Were the Isla Vista shootings on 24 May the act of a madman, a hate crime, or terrorism?
We cannot help but despair on hearing that it has happened again. A young man, possessing guns, has been able to perpetrate carnage and massacre in the US, yet again.
This time it was in Isla Vista, in Santa Barbara, California. He was a wealthy young man living in a prosperous neighbourhood, the owner of several guns and a BMW car.
I choose not to name him. Like other perpetrators of such massacres, his final actions were to make people remember and acknowledge him. He does not deserve that.
The young man took ‘retribution’ against women for his own sense of failure. In doing so he took the lives of at least six people, plus his own. His victims were predominantly young students at the University of Calfornia Santa Barbara, including Katie Cooper, Veronika Weiss, and Christopher Martinez. They are the ones who deserve to be named and remembered.
The first response to this has been to look at the man’s mental state. He was diagnosed as having Aspergers, and somehow this has become an explanation. There are millions of people with the same condition, but they do not all go out and act so terribly. Likewise, it is all too easy to use mental illness, or madness, as an explanation. By far, the tragic fact is that the majority of people with mental illnesses cause harm to themselves, not to others.
The main ‘explanation’ of this man’s horrific actions has been provided by the short video he posted on Youtube the day before his killing spree, in which he talked about how he would achieve retribution (a strong indication that he wanted people to notice him). In the video he talked of the life he had lived, as ‘an existence of loneliness, rejection and unfulfilled desires’, which was the result of rejection by women, and of men ‘taking’ the girls from him.
The killings were his form of retribution against women, because of the women who had rejected him.
‘You girls have never been attracted to me. I don’t know why you girls aren’t attracted to me, but I will punish you all for it. It’s an injustice, a crime, because… I don’t know what you don’t see in me. I’m the perfect guy and yet you throw yourselves at these obnoxious men instead of me, the supreme gentleman.’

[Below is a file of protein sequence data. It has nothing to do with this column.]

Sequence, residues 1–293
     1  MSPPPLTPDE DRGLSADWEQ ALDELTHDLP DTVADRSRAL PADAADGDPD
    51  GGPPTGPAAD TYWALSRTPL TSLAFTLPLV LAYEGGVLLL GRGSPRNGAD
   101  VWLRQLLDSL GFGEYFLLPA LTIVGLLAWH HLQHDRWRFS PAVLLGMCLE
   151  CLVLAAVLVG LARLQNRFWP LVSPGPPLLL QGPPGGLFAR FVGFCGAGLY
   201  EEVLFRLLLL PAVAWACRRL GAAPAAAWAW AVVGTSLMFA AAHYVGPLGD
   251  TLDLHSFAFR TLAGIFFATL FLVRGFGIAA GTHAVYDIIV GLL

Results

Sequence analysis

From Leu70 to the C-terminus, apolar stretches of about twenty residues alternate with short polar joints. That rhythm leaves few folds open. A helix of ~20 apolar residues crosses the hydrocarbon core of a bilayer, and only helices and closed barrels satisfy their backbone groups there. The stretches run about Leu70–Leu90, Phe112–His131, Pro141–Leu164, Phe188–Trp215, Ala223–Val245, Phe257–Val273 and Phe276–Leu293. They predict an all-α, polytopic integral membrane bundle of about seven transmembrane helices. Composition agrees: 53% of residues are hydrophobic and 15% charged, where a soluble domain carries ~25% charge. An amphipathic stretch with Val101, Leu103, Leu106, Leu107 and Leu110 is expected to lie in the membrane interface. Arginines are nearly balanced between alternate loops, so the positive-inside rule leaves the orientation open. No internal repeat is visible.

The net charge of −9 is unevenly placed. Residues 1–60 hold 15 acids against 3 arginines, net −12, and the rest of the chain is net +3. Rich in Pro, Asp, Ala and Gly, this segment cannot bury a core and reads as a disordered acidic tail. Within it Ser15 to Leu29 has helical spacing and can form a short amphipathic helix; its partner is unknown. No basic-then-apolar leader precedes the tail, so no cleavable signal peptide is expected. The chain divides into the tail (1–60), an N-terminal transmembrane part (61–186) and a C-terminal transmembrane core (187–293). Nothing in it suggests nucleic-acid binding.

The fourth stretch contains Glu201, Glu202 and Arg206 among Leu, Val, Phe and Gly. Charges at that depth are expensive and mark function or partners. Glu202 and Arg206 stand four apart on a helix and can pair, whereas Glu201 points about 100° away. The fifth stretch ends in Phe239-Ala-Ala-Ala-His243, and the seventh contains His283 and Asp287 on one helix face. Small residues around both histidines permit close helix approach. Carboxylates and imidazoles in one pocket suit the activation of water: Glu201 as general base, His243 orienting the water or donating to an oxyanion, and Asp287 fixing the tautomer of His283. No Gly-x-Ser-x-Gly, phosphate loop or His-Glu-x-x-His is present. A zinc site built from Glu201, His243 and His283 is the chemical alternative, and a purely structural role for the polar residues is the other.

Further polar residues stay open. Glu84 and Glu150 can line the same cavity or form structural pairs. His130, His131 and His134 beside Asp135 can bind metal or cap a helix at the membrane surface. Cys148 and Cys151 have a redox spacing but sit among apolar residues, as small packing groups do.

‘I’m going to enter the hottest sorority house of UCSB and I will slaughter every single spoilt, stuck-up, blonde slut that I see inside there’
Although men also were a target (and victims) of his killings, it is clear from his words that his actions were in a large part directed at women – not just the particular women who had ‘rejected’ him, but all women, for not liking the ‘nice guy’ that he felt he was.
In this respect, the killings were quite clearly a hate crime against women, an expression of a man’s hatred for women.
This is a point that was taken up on Twitter in the conversations labelled #YesAllWomen. This wide reporting of women’s sense of fear and victimisation by men is a clear indication of the fact that the Isla Vista killer was not alone in his actions. Many other women have been on the receiving end of hate crimes by men against women – whether in the form of rape, domestic abuse and violence, or low level humiliations and discrimination.
‘His was an act of terrorism since it was a public performance of violence meant to spread fear and give him a sense of control.
‘I would be tempted to call him a Christian terrorist even though he was not remotely religious since he would have been called a Muslim terrorist if his name was Abdul rather than Elliot. But it would be more accurate to call him an American terrorist. Like most “lone wolf” terrorists in recent incidents around the country and the world, he is a private actor; but he is also a part of a larger cultural momentum…’
The terrorist act he carried out was directed at women, in general, as his video made clear.
It has been noted that if he had been African American, or Latino, or Muslim then these markers of his identity would have been used in some way to explain his actions. Instead, as Juergensmeyer points out, we are left with the general term ‘American terrorist’, of the truly home-grown variety.
My most overwhelming sense from this, apart from the sadness and anger, is that yet again we have an example of what Hannah Arendt described as the banality of evil.
This man was not a monster, but he did monstrous things. His Youtube video was chilling in its simplicity. The man was not unique, there are millions more like him. The banal acts of evil do not always make headline news, thankfully, but as the #YesAllWomen discussions have shown, his hate crimes and terrorism against women are indicative of a much larger problem.